I can see a variety of responses emerging already. For some people, the deflation is an existential crisis that cuts to the bone. Their lives make no sense without a roaring level of economic activity. They interpret its absence as a threat akin to, or maybe even worse than, the virus itself. Some of them are thinking, saying, and tweeting things like, let’s make sure the cure is not worse than the disease. Some of them are protesting at the gates of state capitals. Others are beset by a crisis of faith in capitalism itself, but they do not have the language to articulate it.

For others, the deflation is a personal crisis that can be measured in the lack of things—consumer products, services, amenities, accessories, etc. These people are struggling with the visible diminishment of their lifestyles. We are all feeling this, but some more acutely than others.

There are other people—and I count myself among them—whose value system never entirely aligned with the socio-economic status quo to begin with. For us, the deflation feels like the realization of prophecy—not through the virus itself but in the validation of feelings we have long harbored about the inadequacies of our way of life. Some of us were already profoundly disturbed by aspects of consumer capitalism and therefore not distressed to see it retreat a little from our lives. Others are simply happy that society has suddenly realigned itself to put relationships with family and friends back at the center of our lives.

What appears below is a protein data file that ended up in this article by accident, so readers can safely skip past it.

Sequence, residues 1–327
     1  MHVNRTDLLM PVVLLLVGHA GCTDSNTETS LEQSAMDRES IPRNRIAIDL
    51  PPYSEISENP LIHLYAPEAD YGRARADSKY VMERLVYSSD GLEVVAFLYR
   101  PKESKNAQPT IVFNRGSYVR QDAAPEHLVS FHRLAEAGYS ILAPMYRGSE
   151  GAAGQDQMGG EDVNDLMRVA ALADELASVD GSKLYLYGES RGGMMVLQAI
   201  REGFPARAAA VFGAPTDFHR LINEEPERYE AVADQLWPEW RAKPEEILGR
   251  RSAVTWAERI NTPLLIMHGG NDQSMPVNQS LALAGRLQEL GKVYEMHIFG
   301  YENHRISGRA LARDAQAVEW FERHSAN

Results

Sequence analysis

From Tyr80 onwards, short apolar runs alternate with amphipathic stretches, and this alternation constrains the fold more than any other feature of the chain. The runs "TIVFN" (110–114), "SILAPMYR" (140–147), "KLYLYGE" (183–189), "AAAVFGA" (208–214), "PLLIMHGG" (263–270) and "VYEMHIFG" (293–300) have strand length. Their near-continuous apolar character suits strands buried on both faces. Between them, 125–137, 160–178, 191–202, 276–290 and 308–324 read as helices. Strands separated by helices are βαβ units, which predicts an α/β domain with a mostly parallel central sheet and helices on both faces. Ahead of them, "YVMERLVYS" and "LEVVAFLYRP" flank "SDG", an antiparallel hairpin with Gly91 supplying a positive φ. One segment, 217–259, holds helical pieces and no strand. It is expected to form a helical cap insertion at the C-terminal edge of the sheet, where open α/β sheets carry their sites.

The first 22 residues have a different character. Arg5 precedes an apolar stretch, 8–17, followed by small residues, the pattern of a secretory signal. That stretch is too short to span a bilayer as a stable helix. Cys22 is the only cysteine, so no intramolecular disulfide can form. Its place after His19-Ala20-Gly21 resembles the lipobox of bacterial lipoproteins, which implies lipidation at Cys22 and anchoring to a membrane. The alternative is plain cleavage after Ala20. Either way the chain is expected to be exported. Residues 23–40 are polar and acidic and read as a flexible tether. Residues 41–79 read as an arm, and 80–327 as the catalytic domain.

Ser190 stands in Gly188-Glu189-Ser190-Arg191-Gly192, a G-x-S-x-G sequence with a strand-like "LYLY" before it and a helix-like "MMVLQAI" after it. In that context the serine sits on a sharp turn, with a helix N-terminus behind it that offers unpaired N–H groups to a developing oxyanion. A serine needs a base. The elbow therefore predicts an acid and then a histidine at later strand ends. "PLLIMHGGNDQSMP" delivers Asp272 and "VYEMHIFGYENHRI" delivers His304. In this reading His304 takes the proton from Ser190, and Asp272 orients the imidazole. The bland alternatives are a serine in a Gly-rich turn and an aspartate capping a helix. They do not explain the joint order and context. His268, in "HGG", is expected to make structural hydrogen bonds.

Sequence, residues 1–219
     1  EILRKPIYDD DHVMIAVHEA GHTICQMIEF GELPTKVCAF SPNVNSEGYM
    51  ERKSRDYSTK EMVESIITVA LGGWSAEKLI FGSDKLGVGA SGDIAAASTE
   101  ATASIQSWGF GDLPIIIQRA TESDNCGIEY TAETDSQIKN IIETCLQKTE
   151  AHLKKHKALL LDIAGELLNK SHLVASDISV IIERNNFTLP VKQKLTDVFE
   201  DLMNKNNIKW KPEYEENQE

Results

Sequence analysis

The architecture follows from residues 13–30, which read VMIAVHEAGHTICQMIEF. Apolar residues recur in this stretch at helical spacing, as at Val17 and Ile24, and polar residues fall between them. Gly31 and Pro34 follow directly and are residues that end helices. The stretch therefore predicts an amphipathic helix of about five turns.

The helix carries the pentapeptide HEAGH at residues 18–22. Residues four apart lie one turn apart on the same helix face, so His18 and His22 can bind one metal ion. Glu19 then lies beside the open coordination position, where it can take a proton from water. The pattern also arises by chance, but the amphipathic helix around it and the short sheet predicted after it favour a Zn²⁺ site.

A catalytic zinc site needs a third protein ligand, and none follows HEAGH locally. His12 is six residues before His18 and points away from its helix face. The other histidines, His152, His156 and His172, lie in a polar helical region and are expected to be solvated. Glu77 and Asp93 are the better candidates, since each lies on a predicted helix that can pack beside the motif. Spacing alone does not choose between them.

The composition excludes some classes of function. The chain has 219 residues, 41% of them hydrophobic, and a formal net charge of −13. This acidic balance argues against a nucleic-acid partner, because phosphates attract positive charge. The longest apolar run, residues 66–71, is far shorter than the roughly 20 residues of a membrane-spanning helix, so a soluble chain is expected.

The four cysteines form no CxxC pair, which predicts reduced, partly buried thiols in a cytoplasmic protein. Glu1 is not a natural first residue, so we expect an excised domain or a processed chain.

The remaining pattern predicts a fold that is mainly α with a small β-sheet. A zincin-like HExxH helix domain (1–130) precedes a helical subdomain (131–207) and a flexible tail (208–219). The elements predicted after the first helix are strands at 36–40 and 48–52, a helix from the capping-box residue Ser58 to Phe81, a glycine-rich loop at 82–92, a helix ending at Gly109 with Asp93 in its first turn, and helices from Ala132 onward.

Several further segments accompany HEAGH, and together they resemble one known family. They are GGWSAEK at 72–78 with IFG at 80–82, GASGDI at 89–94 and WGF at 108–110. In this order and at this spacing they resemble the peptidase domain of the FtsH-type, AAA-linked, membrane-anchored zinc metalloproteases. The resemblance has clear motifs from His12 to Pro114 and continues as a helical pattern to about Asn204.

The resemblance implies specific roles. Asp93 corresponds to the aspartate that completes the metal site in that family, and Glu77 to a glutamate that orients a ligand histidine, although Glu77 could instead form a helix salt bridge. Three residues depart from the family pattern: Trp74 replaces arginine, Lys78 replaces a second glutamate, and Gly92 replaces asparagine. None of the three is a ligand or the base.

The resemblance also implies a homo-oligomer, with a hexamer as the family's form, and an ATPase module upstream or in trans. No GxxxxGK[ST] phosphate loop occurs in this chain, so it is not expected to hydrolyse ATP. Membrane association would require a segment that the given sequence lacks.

Some of us are just happy that the treadmill has stopped long enough for us to catch our breath. Novelist Don DeLillo, writing in The Guardian a few months after 911, said that America was now living with a new consciousness-altering awareness of terrorism: “It is our lives and minds that are occupied now. This catastrophic event changes the way we think and act, moment to moment, week to week, for unknown weeks and months to come, and steely years.” He goes on to say that there are “100,000 stories crisscrossing New York, Washington, and the world.” We are in a similar moment, but greatly magnified, and our stories will eventually coalesce into a cultural force that has real momentum, as our grandparent‘s and great-grandparent’s stories did after World War II. We do not yet know what form this coalescence will take, but I am certain that somewhere within it will be the voices of people who found solace and solidarity and the seeds of a new world in the pandemic. They will someday begin sentences, as my grandparents did about the war, with “It wasn’t all bad you know....”